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Header image for the current page Making library and knowledge services business critical

Making library and knowledge services business critical

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As part of its ambition to ensure NHS library and knowledge services (LKS) are integral to informed decision-making and innovation, Health Education England tasked Arden & GEM with delivering a series of workshops that would upskill library staff to be able to provide evidence to support the needs of managers and commissioners.

A series of 11 workshops took place which gave 148 attendees the skills and tools to support the business needs of their region. Feedback from participants was overwhelmingly positive with 87% of respondents stating that information, knowledge and skills gained have led, or might lead, to improving service delivery for customers.

The challenge

While librarians commonly work as part of multidisciplinary teams supplying evidence to support clinical decisions on patients care and treatment, there are far fewer librarians supporting commissioning decisions – the business critical aspects of health services.

As part its ambition to extend the role of healthcare LKS, Health Education England (HEE) published ‘Knowledge for Healthcare’, a development framework. The vision is for LKS to become an integral part of informed decision-making and innovation, including providing commissioners with the statistics and case studies to make robust decisions which ensure high-quality care.

To upskill staff in this growing area of need, HEE commissioned Arden & GEM to provide a series of workshops titled ‘Making LKS Business Critical’.

Our approach

Arden & GEM’s medical librarian has been providing commissioners with the information required for whole system improvement since the CSU’s inception in 2013.

We designed a series of 11 workshops, taking place over 12 months, to meet the objectives of HEE which were to:
Upskill staff to provide the evidence to support the business needs of managers and commissioners in their region
Generate ideas for collaborative resources to support LKS in this task.

Designing the format and content
By focusing on the two objectives above, the intention was that in addition to giving participants new skills, there would also be a range of tools developed to support the deployment of these skills on an ongoing basis. To support practical learning, participants were also asked to bring a current topic from their area to review as part of the session.

Key areas covered by the sessions were:

  1. Understanding the business world of commissioners/managers
  2. Who are the decision makers in the organisation and what are their organisational priorities
  3. What are the key resources and how are they used
  4. Presentation of evidence for managers.

As the workshop series progressed, the content and format evolved in response to participant interactions and evaluation forms received. This ensured the workshops were as effective and useful as possible.

Creating collaborative resources
To support the workshop series, a ‘Wiki’ was also created which provides links to a range of useful resources such as examples of searches and reports, alerting services, research topics and key research tools. A year on from the last workshop, the Wiki is still used by participants as a learning resource.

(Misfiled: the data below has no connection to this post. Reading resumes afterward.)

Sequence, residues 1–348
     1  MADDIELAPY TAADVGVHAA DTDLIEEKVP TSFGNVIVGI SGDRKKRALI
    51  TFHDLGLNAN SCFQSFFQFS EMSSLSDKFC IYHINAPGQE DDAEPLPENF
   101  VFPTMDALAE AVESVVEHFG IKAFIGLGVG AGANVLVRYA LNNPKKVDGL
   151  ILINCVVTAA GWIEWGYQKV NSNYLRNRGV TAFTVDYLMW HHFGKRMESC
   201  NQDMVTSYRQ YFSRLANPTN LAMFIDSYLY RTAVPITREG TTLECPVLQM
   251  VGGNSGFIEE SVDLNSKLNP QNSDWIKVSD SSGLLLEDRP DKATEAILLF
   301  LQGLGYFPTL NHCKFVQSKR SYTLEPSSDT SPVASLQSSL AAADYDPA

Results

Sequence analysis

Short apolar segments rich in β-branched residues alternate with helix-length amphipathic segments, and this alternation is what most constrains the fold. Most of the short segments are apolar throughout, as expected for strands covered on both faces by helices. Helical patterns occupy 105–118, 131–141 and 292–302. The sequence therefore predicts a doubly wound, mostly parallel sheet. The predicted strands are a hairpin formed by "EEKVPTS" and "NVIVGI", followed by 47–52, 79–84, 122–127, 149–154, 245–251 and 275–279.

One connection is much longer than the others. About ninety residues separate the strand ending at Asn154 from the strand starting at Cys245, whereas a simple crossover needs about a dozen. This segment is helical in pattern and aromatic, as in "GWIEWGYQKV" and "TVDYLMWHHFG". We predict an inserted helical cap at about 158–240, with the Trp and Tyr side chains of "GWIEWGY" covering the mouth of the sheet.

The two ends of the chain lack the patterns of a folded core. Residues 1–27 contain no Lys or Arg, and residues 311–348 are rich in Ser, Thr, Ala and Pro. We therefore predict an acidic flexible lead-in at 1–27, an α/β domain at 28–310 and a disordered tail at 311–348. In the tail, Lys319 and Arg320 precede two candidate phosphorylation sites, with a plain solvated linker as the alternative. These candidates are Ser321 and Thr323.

As part of the session, attendees were also encouraged to come up with ideas to support each other, to both share existing resources and create ongoing communities of practice.

"It was good to have the opportunity to spread my knowledge and experience of the needs of health service commissioning to my NHS library colleagues and to help work together to support the business needs of their organisations."

Anne Gray, Knowledge Officer at Arden & GEM CSU

The outcomes

To upskill librarians and support the creation of ongoing collaborative resources, Arden & GEM designed and facilitated a series of 11 workshops throughout England. These were attended by 148 people, including regional leads and service leads, representing each region of HEE.

In addition to completing standard evaluation forms on the day, participants were also asked to complete an impact evaluation form by the Knowledge for Healthcare Continuing Professional Development Group to test whether the workshops had embedded changes in practice.

The online survey received a 29% response rate, with 87% of respondents agreeing that information, knowledge and skills gained have led, or might lead, to improving service delivery to customers.

Comments from participants included:
“I was able, and more confident, to plan events, create presentations and be part of the executive team strategic planning forums.”

“I am now able to support teams with in depth searches to support QIPP, audits and business plans.”

“This has helped me to find and use relevant evidence from NHS sources to support our strategic aims and business objectives.”

“We are now regularly providing board members with searches and feedback has been positive.”

“Having a greater understanding of the way that managers use knowledge to ‘think around’ an issue, I feel liberated to include evidence that was perhaps outside the scope of their original search request, but that I felt was important to their understanding.”

"Anne is a highly skilled and experienced information professional, who also has a talent for inspiring others to confidently transfer their skills by really focussing understanding on the audience and their needs. She was the obvious person to approach to deliver this training on behalf of HEE."

Helen Bingham, Head of Knowledge Services and Technology Enhanced Learning at Health Education England South